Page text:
What makes the Israeli Palestinian conflict tragic, Amos Oz has long argued, is that it pits right against right. More recently he has spoken darkly of wrong against wrong. Either way, as he describes it, Israelis and Palestinians are partnered in intransigence and despondency. It is, in the end, irrelevant and meddlesome – and so far has been of little assistance to anyone – to apportion sympathy or blame. Whoever would effect change must act in full possession of what makes this tragic situation tragic. And to be in full possession of a tragedy is to understand what has before happened and been decreed, what immemorial fears and bloody histories motivate the actors, on what wheels of fire they are bound, how all participants explain justice and injustice to themselves. And should heed Othello’s plea to Lodovico: “Nothing extenuate, nor set down aught in malice.”
Naked of knowledge and imagination, and mouthing banalities – “When you stand before this shameful fence all humanity is naked” – the Spanish clowns rushed in, buoyed by their own conceit. Were ever fools more ludicrous in their folly, or solipsists more the victim of their own unenquiring solipsism? That they knew so little of Palestinian culture as to be unaware what might constitute gross indecency to a religious people only shows how little they knew – and how little they thought they were obliged to know – of the place in which they’d made their intervention. We can guess how much they knew, or cared to know, of Israeli culture. 
They are not alone. When emotion rules, every fool thinks that he is holy. And knowledge? Why, knowledge is a sort of sacrilege. Who needs it, anyway, when you can pick up what to feel from any foul rag-and-bone shop of hand-me-down convictions, put on a clown’s nose and drop your pants. Though we are but of yesterday and know nothing, we will not let ignorance stop our mouths.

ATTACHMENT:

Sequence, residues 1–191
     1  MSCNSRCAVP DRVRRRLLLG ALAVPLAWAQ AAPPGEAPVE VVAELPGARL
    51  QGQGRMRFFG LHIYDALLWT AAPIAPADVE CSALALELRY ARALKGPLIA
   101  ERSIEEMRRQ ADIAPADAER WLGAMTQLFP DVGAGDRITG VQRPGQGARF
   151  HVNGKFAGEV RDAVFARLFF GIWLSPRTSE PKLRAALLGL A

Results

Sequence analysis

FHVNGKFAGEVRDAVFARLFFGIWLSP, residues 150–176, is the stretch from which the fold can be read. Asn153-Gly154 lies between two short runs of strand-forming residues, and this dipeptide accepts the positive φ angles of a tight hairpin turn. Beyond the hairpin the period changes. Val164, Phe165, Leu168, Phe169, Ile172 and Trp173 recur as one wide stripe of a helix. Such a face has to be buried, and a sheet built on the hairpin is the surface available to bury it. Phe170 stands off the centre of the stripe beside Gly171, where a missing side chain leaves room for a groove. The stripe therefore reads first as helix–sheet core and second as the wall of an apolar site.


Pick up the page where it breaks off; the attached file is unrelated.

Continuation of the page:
Whereof one cannot speak, yet one will.

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It started with a Blackberry Passport and ended with the Vodafone manager threatening to punch my lights out
It seemed that in order to find out whether I wanted to buy the phone, I had to buy it

So how loud does your voice have to be before someone thinks you’re shouting? How sharp your reprimand before it will be described as threatening? And how close do you have to be to someone before you can be accused of being in his face? These and similar questions will be addressed below. But I can tell you the answer to all of them now. And it’s the same in every case. Not very.
Anyway, I was curious about this mobile phone I’d been reading about. The BlackBerry Passport. A giant of a phone that would be ideal, I thought, for a man with fading vision, stubby fingers and no interest in selfies. It’s possible you can take a selfie with a BlackBerry Passport but it’s so heavy you won’t be able to hold it up to your face long enough to strike a becoming pose. I should say it “looks” so heavy because so far I haven’t been able to lay hold of one. Indeed, it was in the hope of being able to do just that that I breezed, all innocence, into a Vodafone shop in the vicinity of Covent Garden. I won’t be any more specific than that. It’s not my intention to encourage copycat visits.
Two assistants were talking to each other at the counter. They didn’t look up or ask if they could help me. I found a BlackBerry Passport the size of War and Peace glued to a display table and enquired if they had one I could pick up. One of them shook his head. I wondered, in that case, how I could discover how heavy it was and what it felt like in my hand. The other shrugged and said I couldn’t. How then, I wondered, did people discover if the phone was suitable to their needs. “They buy it,” the first assistant said.